Everyone writes as part of their profession now. Articles, blogs, social media commentaries, white papers… at every level, we are expected to be able to represent our company in writing. This is risky. A hundred people have a hundred opinions and a hundred writing styles, which is great for a library, but counter-productive when it comes to representing a single company. That means we should agree about the tone of voice. What will we be saying and how will we be saying it?
In this article, I will list a few simple examples that show how these agreements can inspire you.
Why do you write about your brand anyway? To express how good you are? Wrong. You write to let the reader express how good you are.
Stimulus > response, that’s the principle behind every form of communication. Feed your audience with information that lets them reach the conclusion you want them to reach.
‘Information’ is open to interpretation here. Your content and commercials, your promotional deals, social media and complaints handling, your warranty provisions and the charities you support. In short, everything you do on behalf of a brand. Too much to list, let alone cover it here. So I’ll just limit myself to one means of communication: the written word.
After considerable thought and research, we have defined the qualities of our brand. Needless to say, these qualities are very positive and distinctive. But is that how the target audience sees us? That’s not a given. We have to work on that. Our identity as a brand person also calls for a verbal identity. That’s what we would call the tone of voice: an internal agreement to ensure all external texts fit our brand.
Tone of voice guidelines can be far-reaching. I used to work for a large bank. They delighted me with a 31-page document at the very first interview, which meticulously described how company employees were to handle ‘a uniform communication with the client as regards the written communication during non-live contact moments.’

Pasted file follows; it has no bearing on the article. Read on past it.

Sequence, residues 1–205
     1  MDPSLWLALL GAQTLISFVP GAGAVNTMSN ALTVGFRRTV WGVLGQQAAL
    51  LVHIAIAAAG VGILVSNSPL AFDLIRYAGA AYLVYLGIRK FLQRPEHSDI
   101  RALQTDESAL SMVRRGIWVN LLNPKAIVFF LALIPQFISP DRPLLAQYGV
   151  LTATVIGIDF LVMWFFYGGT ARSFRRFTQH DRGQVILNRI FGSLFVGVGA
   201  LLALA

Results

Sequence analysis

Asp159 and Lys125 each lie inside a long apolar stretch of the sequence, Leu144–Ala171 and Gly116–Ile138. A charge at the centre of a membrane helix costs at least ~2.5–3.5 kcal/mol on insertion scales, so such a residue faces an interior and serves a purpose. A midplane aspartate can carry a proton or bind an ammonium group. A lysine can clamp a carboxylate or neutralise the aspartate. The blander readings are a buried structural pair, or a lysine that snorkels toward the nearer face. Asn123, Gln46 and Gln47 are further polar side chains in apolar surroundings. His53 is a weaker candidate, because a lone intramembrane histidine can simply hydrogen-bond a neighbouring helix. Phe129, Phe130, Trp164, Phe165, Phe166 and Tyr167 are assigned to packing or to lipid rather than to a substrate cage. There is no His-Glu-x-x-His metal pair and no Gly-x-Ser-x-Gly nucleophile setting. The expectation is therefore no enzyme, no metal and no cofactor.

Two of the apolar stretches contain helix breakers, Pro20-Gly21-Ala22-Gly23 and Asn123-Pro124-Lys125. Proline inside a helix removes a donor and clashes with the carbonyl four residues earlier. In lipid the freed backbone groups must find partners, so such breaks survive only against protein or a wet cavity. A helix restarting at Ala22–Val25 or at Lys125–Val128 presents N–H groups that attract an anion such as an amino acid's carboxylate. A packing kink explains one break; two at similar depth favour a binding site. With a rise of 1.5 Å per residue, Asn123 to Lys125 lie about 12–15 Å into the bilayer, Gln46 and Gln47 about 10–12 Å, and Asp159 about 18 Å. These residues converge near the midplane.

To a professional copywriter, this is pretty interesting and to a certain extent, manageable. But to those who don’t earn their living by writing, it’s a paralyzing kind of catechism.
Here are some simple principles that will serve you much better. Let’s begin with defining our fictitious brand identity and then see how this affects the tone of voice of our texts.
That will do nicely. But how do we use our identity when writing texts? There are two ways: as an inspiration and as a check-list. Let’s review this for each quality. You will see that even the most modest of texts can be lifted by a touch of personality.
To get some inspiration, look for associations and synonyms: welcoming, sympathetic, supportive, warm, down-to-earth.
Look for synonyms: visionary, creative, experimental, open to new ideas, at the cutting edge.
Describe this word: competent, an authority, proud of our performances.
There are plenty of rules that govern our work already, and while we can’t do without them, they do limit us. The tone of voice must be protected, and that requires a framework. But above all it must be applied with enthusiasm, and that calls for freedom and inspiration. By using the personality traits of the brand person as a source of inspiration and as a control mechanism, every employee can write texts that help build a brand.
Do you want to read more about this topic? One nice article – one that inspired me when writing this story – is WRITE, an internal document of the University of Leeds. You can download it as a pdf and it also contains one of the better top-10 tips lists about writing for the internet.